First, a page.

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I Shouldn't Have to Work on Christmas Just Because I Don't Have Kids

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A co-worker went on a rant on Facebook, complaining that she has to work on Christmas despite being with her company for 15 years. This led into a rant that basically translated to, “If you don’t have kids, you should work on Christmas for those who have them.”

Well, that just stabbed me in the remaining ovary.

Since when did we, the childless by circumstance or choice, become second class to those who have the opportunity to get pregnant and have children? More importantly, how did Christmas become a special holiday only those with kids of their own can celebrate?

Two summers ago was a scary time for me. One minute I was up at 3 a.m. in extreme pain; the next, I found myself on an operating table in preparation for emergency surgery to have a grapefruit-sized tumor and half my baby-making bits removed, making it difficult and almost fatal for me to have kids. My goals to get married and have that “soccer mom” life turned into bigger goals: moving up in the company I work for, making new friends and enjoying life the best way I can.

But even that comes at a cost, since working on a holiday at the world’s largest theme park has its not-so-magical quirks. But I have to take it with a smile and work the best I can while thousands of miles away from the ones I love.

But to create a war on Christmas based on whether or not my lady bits can make babies is an all-time low.

Be mindful of those who view family differently. Just because I haven’t had a kid doesn’t mean Christmas shouldn’t be a holiday I can celebrate. Christmas is a time of year for all to enjoy, babies or no babies.

I have a family in the form of my friends from the comic convention circuits. I have family I call my co-workers, who, like that person complaining, have to work that day, too. I may not have a conventional family down here while my real one is on the other side of the country, but I have a right to enjoy the love and magic of the season like everyone else.

To those who only think about themselves, I urge you to take a look on the other side of that picket fence and minivan and reach out to everyone with an open mind.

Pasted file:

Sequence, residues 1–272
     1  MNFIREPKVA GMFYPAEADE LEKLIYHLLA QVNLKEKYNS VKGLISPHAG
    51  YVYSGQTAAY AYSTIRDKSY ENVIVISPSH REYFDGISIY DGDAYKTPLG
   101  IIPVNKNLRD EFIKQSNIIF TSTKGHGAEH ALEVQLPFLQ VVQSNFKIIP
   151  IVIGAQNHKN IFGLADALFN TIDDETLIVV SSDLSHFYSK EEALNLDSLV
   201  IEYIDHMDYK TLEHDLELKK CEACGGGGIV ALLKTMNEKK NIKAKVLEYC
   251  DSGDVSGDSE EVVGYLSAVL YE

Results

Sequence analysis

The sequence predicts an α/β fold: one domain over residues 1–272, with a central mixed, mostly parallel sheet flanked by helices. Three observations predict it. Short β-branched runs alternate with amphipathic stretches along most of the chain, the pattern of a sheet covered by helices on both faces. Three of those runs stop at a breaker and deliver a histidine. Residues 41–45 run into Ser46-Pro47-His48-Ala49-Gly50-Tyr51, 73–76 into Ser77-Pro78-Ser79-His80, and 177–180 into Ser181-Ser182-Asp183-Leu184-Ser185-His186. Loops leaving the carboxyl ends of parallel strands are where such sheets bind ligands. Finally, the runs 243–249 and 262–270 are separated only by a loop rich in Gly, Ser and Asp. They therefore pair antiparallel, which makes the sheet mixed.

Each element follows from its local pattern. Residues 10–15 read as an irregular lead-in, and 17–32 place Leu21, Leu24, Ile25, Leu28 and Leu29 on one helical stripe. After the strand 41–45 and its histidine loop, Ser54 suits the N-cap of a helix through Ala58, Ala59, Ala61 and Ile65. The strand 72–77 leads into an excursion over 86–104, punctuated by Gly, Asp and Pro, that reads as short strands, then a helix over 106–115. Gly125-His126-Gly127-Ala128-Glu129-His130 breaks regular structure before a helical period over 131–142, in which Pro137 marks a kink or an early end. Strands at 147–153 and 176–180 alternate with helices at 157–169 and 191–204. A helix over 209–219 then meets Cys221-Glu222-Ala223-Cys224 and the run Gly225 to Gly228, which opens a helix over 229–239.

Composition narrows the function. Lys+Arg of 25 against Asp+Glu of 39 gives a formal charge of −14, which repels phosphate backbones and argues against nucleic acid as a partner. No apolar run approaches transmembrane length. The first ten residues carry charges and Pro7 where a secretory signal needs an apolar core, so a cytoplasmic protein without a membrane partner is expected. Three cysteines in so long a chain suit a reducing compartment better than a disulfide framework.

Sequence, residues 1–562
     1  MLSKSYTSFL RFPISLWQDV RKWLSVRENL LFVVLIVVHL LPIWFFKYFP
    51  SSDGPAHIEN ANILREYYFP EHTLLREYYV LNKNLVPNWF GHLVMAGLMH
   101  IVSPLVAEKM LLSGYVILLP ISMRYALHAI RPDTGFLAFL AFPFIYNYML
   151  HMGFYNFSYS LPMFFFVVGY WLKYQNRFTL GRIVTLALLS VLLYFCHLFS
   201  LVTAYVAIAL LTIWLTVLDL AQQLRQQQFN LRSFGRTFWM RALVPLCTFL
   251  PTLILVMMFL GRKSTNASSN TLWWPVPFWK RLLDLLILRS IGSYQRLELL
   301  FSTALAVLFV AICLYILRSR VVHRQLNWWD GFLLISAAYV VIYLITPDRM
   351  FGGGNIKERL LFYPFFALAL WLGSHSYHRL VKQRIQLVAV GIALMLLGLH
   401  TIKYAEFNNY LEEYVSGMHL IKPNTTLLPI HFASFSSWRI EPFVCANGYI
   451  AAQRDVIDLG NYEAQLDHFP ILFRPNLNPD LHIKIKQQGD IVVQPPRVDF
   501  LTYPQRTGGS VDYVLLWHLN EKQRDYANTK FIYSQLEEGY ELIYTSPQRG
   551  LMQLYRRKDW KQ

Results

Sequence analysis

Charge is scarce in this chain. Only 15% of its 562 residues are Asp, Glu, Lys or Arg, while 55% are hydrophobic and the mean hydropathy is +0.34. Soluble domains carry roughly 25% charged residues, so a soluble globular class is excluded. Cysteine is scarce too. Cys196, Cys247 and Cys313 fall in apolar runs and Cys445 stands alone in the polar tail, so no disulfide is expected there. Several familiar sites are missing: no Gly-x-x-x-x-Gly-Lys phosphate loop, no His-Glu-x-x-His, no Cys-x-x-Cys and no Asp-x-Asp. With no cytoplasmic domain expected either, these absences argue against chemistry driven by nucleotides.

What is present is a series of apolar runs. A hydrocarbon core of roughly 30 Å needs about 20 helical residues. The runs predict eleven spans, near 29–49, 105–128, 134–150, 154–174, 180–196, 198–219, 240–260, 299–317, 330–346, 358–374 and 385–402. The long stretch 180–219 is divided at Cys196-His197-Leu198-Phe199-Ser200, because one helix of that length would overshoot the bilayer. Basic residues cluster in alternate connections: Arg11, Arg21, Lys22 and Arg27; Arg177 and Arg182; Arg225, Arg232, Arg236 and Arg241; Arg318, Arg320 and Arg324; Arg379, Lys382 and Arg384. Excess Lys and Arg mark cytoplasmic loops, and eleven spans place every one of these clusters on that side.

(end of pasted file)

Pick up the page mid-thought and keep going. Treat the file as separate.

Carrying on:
Merry Christmas to all, no matter what your baby-making skills are.

Author’s note:

The Mighty published this piece recently under a straightforward title, which led to some questions and comments. I am low on seniority, yes. I know I must work holidays; after all, I signed up to work here. The funny thing about this company is that no matter if you’ve spent one year or 40 here, there’s a good chance you’ll be working the holiday, given the nature of the business. I don’t believe anyone is entitled to anything, but everyone has a right to celebrate Christmas. I know I’ll be making the most of it with just a few close friends over the course of a few days. It was my co-worker’s words specifically I took as a personal attack on those without children, which is why I wrote this story. It is less about working on the holiday for me.

Whether you are with or without family, working long hours or have the day off, I wish you the best this holiday season.

Follow this journey on Legally Blind Bagged.

The Mighty is asking the following: What’s one thing people might not know about your experience with disability, disease or mental illness during the holiday season, and what would you say to teach them? If you’d like to participate, please send a blog post to Please include a photo for the piece, a photo of yourself and 1-2 sentence bio. Check out our Share Your Story page for more about our submission guidelines.

Originally published: December 19, 2015
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